Men’s world no. 6 squash player Miguel Angel Rodriguez of Colombia arrives in Cayman Friday (24 August) just weeks after one of the biggest wins of his career at the 2018 British Open Squash Championships.
Rodriguez, 32, says, however, the road to defending his Men’s Singles title as reigning Pan Am Games champion at the XXVIII Pan AM Squash Championships starting Sunday (26 August) at the South Sound Squash Club is a thrilling encore.
“I’m very excited, it’s going to be a new destination for me. I’m pretty happy to represent my country and have some fun in the Cayman Islands who will be hosting the event for the first time in the Caribbean.”
Four-time national champion Cameron Stafford says the chance to play against the likes of Rodriguez, and men’s world no. 11, Diego Elias of Peru, on home court, is a once in a lifetime opportunity.
“The British Open which is pretty much the Wimbledon of squash. These two top guys will be the one and two seeds. I’ve played both of them before so I know what to expect, their very fast and dynamic.”
In the women’s draw, world no. 18 Amanda Sobhy of the United States will also begin her Pan Am Games Women’s Singles title defense.
Sobhy, 25, says she’s looking forward to competing in a diverse event that comes with a refreshing change of pace from the professional ranks.
“Hopefully I’ll win the individual event, the doubles will be a lot of fun, plus the team event. USA is looking to going in there, and go all the way. In squash, we all want to win. At the same time, we like to make friends with players from other countries, we like to have a good time and that’s kind of that whole atmosphere. When I have the opportunity to play, I really like to do it.”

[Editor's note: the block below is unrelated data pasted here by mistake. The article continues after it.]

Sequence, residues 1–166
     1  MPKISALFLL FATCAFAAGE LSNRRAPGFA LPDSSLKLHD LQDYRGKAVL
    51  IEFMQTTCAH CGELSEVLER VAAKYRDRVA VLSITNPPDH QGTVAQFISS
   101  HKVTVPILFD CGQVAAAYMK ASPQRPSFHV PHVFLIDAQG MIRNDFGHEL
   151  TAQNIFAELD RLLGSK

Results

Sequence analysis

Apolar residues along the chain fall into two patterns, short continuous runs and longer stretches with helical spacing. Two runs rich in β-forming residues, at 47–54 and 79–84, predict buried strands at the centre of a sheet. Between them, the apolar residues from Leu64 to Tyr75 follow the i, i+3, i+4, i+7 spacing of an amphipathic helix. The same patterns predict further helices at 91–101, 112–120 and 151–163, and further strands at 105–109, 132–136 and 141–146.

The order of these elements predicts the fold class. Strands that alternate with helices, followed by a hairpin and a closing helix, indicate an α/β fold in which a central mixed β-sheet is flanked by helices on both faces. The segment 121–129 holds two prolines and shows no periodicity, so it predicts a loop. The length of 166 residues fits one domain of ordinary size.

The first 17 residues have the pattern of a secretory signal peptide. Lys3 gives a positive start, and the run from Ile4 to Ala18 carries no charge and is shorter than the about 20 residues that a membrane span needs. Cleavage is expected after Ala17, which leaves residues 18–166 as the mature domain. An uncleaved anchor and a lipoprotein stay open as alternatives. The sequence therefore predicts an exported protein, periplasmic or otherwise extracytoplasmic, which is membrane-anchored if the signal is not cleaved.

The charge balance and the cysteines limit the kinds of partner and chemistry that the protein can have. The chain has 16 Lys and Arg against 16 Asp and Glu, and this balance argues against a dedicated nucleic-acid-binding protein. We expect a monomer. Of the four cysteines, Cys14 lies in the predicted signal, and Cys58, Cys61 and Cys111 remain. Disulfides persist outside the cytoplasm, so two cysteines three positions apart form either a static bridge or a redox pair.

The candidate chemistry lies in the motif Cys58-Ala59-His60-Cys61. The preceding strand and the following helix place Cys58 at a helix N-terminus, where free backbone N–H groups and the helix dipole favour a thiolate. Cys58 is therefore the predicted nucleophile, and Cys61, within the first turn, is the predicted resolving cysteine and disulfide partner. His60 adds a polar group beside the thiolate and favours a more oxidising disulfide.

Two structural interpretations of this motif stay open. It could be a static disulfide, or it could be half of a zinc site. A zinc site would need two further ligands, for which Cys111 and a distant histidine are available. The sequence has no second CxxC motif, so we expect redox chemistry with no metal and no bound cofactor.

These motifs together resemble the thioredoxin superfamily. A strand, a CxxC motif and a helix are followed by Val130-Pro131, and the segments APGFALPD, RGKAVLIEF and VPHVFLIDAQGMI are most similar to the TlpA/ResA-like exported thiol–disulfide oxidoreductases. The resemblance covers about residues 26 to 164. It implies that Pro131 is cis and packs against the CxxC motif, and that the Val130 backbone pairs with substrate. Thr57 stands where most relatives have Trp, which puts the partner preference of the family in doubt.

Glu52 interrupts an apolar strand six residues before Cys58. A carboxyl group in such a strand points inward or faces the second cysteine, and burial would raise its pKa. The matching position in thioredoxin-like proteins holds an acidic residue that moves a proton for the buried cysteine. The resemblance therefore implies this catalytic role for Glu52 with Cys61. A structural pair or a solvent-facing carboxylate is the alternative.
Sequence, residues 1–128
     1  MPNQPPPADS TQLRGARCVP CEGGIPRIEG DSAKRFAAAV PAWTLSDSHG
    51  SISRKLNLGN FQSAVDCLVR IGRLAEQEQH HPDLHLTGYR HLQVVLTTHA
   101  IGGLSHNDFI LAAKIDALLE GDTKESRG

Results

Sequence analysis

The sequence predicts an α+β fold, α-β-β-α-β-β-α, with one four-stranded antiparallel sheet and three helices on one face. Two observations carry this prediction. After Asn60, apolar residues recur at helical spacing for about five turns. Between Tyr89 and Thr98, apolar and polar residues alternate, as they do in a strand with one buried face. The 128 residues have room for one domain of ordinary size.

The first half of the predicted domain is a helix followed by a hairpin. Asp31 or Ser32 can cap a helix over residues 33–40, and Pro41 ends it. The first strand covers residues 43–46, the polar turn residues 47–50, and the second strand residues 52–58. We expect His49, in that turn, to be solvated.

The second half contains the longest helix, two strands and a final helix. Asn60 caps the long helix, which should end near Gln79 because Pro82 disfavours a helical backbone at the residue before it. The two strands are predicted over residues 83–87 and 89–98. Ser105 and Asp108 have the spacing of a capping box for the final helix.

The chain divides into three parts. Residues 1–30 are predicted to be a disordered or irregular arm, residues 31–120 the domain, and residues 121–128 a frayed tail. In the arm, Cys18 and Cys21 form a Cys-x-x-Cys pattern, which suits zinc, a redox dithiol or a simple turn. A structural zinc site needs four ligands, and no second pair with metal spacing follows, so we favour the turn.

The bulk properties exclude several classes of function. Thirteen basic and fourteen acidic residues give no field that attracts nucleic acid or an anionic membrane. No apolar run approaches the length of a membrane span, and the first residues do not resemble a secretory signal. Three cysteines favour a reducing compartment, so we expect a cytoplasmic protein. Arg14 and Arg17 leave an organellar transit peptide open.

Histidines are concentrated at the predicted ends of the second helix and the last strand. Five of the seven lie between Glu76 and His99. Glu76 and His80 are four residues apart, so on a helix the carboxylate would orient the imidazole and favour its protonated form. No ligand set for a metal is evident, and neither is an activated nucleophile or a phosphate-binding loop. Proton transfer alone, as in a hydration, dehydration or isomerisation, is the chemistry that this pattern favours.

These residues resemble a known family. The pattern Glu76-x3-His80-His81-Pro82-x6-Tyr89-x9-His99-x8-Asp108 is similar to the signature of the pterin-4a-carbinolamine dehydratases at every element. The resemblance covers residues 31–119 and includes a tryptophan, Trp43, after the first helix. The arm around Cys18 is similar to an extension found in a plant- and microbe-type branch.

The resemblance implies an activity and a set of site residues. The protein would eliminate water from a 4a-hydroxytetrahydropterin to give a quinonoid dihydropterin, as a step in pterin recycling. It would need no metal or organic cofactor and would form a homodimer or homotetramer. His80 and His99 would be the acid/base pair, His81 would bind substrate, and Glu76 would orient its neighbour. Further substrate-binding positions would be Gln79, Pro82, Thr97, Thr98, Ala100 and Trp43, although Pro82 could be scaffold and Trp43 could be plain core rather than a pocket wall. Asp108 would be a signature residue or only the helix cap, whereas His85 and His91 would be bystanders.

For three-time double age division junior champion Jade Pitcairn, the opportunity to share the court with a player she admires such as Sobhy will be special.
“I’ve always looked up to her when she came before. I’ll be excited to see her again.”
In a tournament that will feature 160 athletes from a record 20 countries, the XXVIII Pan Am Squash Championships is a special platform where both amateurs, like Pitcairn, and professionals, like Sobhy, occupy the same space for seven days. Something Sobhy says she understands has tremendous reach for junior athletes in attendance.
“To have the top junior Jade in the Cayman Islands to think of me as an inspiration is really touching and really nice to hear. It makes me really happy because it’s good to know what I’m doing reflects positively on other people.”
Rodriguez says, however, once all the pleasantries are done, the real work begins.
“It’s not going to be easy, there’s a lot of countries with good players like Mexico, Argentina, Canada, USA, Brazil. It’s going to be a tough week, I don’t doubt it, but I’m looking forward to it.”